Greetings, my fellow members of Zoom University, and happy Wednesday. This week’s Farm to City comes to you from the weak warmth of Bellingham’s April sunshine. As I sit, enjoying my view of Mt. Baker, I can almost smell the cherry blossoms and hear the faint splashing of Drumheller Fountain. I can also, if I close my eyes hard enough, almost smell the faint spices and fresh bread of the U-District Farmers Market. However, COVID-19 has parted me from my true love, and now I can only admire her from afar.
The continued spread of COVID-19 means that Seattle’s Neighborhood Farmers Markets are still closed. Despite the ongoing crisis, farmers markets are striving to resume operations as soon as possible, but things won’t go right back to normal.
“We are working weekly with the City of Seattle and Department of Health on updated market operations in order to limit the spread of COVID-19,” Sarah Schu, marketing and development manager for Seattle Neighborhood Farmers Markets, said in an email. “The [farmers] market will look drastically different than the one you visited during the fall and winter.”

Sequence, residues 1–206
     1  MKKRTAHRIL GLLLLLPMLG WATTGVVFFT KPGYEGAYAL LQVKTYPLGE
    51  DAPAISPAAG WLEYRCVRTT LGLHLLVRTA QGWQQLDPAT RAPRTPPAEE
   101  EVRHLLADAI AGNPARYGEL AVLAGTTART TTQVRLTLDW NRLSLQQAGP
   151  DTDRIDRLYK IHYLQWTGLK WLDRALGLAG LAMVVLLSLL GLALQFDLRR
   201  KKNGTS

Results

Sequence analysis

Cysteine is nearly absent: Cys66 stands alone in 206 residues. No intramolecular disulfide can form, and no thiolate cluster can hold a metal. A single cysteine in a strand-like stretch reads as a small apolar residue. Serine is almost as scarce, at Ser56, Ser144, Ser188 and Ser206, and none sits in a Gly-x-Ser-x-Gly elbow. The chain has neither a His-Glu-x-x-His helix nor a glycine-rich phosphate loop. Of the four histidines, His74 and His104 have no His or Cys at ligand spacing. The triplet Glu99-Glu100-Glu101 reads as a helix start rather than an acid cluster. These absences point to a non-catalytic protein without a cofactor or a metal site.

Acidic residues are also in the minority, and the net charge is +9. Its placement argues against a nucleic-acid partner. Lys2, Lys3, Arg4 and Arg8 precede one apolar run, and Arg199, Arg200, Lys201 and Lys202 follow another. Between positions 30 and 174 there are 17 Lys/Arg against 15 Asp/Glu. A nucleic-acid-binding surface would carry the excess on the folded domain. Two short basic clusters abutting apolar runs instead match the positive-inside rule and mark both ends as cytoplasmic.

As I wrote in last week’s Farm to City, the closure of Seattle’s farmers markets represents a significant loss in profit for local farmers and small businesses.
“There’s a significant concern that this closure and the uncertainty beyond that for farmers markets will have a lasting negative impact on the local food supply chain, which is a really critical part of feeding the city,” Schu said.
Schu also believes that farmers markets are the safest way for Seattle residents to shop considering the current conditions.
“We believe that open-air markets with transparent and short supply chains can be the safest and best way to obtain food during this crisis,” Schu continued.
This quarter is bringing unprecedented change for all of us, including me as I cover the U-District Farmers Market. Until the market re-opens, I will be following up with the lovely vendors I had the privilege of meeting last quarter in order to understand how the coronavirus crisis is impacting the functions of small businesses, and to discover how we can continue to support our local food supply chain through this crisis.
For the latest updates concerning farmers market operations, visit the Seattle Neighborhood Farmers Market’s website. Additionally, you can read the latest farmers market community update here, as well a list of vendors that are offering delivery and curbside pickup.
Until next week, stay healthy and enjoy, wherever you are.
Reach columnist Zoe Luderman Miller at email@example.com. Twitter: @zozozaira
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